Flexibility was also raised by Ms Schmit Klau who highlighted the need to adopt a legislation that allows people to work longer while protecting those who do not want to or cannot do so.
Ms Pereira also confirmed that the flexibility of retirement paths is at the heart of discussions between the European Commission and the Member States, stressing the need for social dialogue to enable people to combine work and retirement in different countries and sectors.
An intersectional approach to meet the needs of a very diverse population
The representative of AGE member Older Women Network - Netherlands, Ms Christine Nanlohy, presented a Dutch practice of the draft Barometer: support courses for informal workers. This practice seeks to address the fact that women make up the majority of informal workers and are particularly affected by this situation. An approach targeting the specific situation of women in this context is needed to support them in the labour market.
This intersectional approach was also reiterated by the EU Public Affairs Director at ESSITY, Ms Sofia Krigsman, who, again in relation to the specific situation of older women in the labour market, spoke of the issues associated with menopause for women experiencing severe symptoms. In this respect, she stressed the need to break down stigmas and taboos in order to support women and create a more inclusive working environment for all.
The audience was also invited to consider the situation of older people with disabilities and the adaptations needed to enable them to continue to be active in the labour market. In this respect, Mr Patrick D'Haese, Corporate Director of Awareness and Public Affairs at MED-EL Medical Electronics presented the various measures that could be taken within the company to support workers throughout their lives to prevent hearing loss and to cope with it when it becomes a reality.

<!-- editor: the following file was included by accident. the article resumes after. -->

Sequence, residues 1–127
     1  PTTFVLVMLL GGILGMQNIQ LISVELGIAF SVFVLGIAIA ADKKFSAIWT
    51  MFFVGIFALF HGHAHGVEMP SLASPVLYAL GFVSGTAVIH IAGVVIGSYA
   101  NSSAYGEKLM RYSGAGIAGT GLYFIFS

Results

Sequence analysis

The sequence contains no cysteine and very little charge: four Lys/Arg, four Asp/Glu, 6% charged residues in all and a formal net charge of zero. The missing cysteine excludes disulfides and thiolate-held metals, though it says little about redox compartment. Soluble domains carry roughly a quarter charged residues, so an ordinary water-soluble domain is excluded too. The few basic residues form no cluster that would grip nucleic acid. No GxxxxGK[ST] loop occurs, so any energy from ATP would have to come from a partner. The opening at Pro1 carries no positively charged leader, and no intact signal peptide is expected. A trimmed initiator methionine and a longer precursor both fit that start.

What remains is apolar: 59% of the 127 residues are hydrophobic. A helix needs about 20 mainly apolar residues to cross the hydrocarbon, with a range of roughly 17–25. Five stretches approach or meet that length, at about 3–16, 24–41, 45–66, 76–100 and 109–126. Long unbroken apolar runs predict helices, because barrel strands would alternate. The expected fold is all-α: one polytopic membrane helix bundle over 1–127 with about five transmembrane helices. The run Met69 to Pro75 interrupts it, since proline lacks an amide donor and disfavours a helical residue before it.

Concluding the conference, the counsellor at the Permanent Representation of Spain to the EU, María José Tarrero presented the programme of the future EU Spanish Presidency with regard to employment and a sustainable and quality working life. During the second half of 2023, the Spanish Presidency will focus on strengthen of social protection for the self-employed, modernize the social protection systems and increase awareness of the impact of teleworking and mobility on social security systems. Finally, Ms Tarrero thanked the Swedish Presidency for its work and confirmed the Spanish Presidency's intention to continue working on these issues.
We look forward to cooperating with the upcoming EU Presidencies, building on the work done by past EU Presidencies around the EU Green Paper on Ageing.
As our Annual Conference showed, there are multiple challenges to making our working lives sustainable, integrating the diverse individuals and societal needs. Solutions do exist, provided we tackle the root of the problem by combating ageism and valuing the skills, experience and aspirations of workers at all stages of their lives.
The publication of the 2023 edition of our AGE Barometer this autumn will further contribute to the debate on the empowerment of older workers for sustainable and quality working lives. We will keep you abreast.
> You can view here the recording of our Annual conference (without interpretation) below.